- Element Name
- Where Can the Source Information be Found?
- How Source Works in the Metadata Form
- How Should the Source be Filled in?
- Other Examples
Information about a resource from which the current resource is derived.
For any type of item, source describes an original (physical or digital) resource from which the current resource is derived and may be found:
- by examining the item
- in accompanying or supplementary information
- 1. Source qualifier -- drop-down menu
- 2. Source -- text field
- No - an item can only come from one source
This field is only used if the item is:
- a derivation (a single map from a book, an article from a journal, etc.)
- an item that was part of a larger event (a presentation from a conference, a piece from an exhibition, etc.)
Marshall City Directory, 1937. Rochester: Keiter Directory Co., 1937. V. 1.
G4030 1840 .C66 1840
- Choose the appropriate relation qualifier from the controlled vocabulary
- If none of the qualifiers applies to the item, the qualifier can be left blank
- Scanned map from a book
- Book: "From the German edition of P.F.X. Charlevoix, Histoire general des voyages, 1754."--Almagre books, list 47A.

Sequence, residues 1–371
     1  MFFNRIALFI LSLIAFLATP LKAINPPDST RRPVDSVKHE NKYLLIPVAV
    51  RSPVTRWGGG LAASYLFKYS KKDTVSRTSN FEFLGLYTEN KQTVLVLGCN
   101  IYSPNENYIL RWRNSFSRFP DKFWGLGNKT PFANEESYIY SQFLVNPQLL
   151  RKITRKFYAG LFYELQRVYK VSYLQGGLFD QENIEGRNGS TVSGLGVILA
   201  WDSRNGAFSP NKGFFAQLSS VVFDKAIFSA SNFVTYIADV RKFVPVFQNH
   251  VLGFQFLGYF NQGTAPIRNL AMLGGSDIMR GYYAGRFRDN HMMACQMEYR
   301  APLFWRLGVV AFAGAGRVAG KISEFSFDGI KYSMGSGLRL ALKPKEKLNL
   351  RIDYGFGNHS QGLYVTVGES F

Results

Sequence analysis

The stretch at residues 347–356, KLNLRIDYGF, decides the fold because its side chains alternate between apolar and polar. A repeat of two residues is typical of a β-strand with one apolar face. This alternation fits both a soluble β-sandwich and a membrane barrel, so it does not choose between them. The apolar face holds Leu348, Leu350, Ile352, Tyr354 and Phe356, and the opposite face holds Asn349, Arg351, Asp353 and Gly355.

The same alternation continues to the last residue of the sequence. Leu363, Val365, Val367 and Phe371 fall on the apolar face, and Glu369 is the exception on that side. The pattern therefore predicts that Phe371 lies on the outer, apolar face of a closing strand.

- Article from a conference
- Conference: Annual Conference of the North American Chapter of the Association for Computational Linguistics (NAACL), 2010, Los Angeles, California, United States
- Article published in a journal
- Journal: Government Information Quarterly, 2008. p. 66-89
- Presentation from a preconference
- Conference: 3rd Annual Digitization Expo [Pre-conference], Texas Library Association (TLA) Annual Convention, 2010, San Antonio, Texas, United States
- Map from an atlas
- Atlas: Geologic Atlas of the United States, Llano-Burnet Folio No. 183, Washington: Geological Survey (U.S.), 1912
- To specify other resources which are judged to be significantly related to the current resource in some fashion, use the Relation element.
- Information in this field may also overlap with information entered in the Citation element.